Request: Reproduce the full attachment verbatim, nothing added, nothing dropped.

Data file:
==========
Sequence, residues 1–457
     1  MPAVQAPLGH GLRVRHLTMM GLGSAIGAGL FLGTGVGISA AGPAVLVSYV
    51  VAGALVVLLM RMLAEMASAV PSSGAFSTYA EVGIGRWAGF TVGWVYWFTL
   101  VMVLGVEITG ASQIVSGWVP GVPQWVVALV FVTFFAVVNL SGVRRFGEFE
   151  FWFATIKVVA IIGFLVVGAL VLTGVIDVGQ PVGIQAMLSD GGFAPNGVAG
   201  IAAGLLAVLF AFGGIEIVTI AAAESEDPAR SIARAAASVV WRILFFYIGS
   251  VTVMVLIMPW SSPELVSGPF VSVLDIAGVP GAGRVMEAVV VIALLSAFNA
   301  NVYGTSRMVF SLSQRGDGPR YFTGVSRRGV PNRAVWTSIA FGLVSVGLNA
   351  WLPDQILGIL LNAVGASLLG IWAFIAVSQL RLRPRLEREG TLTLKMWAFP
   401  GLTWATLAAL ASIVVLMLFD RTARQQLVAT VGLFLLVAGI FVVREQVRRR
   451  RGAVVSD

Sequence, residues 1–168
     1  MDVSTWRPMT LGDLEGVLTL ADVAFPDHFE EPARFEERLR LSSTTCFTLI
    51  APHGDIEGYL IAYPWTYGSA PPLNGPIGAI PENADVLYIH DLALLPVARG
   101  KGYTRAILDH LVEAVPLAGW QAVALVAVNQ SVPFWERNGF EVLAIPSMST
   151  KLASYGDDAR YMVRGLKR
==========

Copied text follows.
Sequence, residues 1–457
     1  MPAVQAPLGH GLRVRHLTMM GLGSAIGAGL FLGTGVGISA AGPAVLVSYV
    51  VAGALVVLLM RMLAEMASAV PSSGAFSTYA EVGIGRWAGF TVGWVYWFTL
   101  VMVLGVEITG ASQIVSGWVP GVPQWVVALV FVTFFAVVNL SGVRRFGEFE
   151  FWFATIKVVA IIGFLVVGAL VLTGVIDVGQ PVGIQAMLSD GGFAPNGVAG
   201  IAAGLLAVLF AFGGIEIVTI AAAESEDPAR SIARAAASVV WRILFFYIGS
   251  VTVMVLIMPW SSPELVSGPF VSVLDIAGVP GAGRVMEAVV VIALLSAFNA
   301  NVYGTSRMVF SLSQRGDGPR YFTGVSRRGV PNRAVWTSIA FGLVSVGLNA
   351  WLPDQILGIL LNAVGASLLG IWAFIAVSQL RLRPRLEREG TLTLKMWAFP
   401  GLTWATLAAL ASIVVLMLFD RTARQQLVAT VGLFLLVAGI FVVREQVRRR
   451  RGAVVSD

Sequence, residues 1–168
     1  MDVSTWRPMT LGDLEGVLTL ADVAFPDHFE EPARFEERLR LSSTTCFTLI
    51  APHGDIEGYL IAYPWTYGSA PPLNGPIGAI PENADVLYIH DLALLPVARG
   101  KGYTRAILDH LVEAVPLAGW QAVALVAVNQ SVPFWERNGF EVLAIPSMST
   151  KLASYGDDAR YMVRGLKR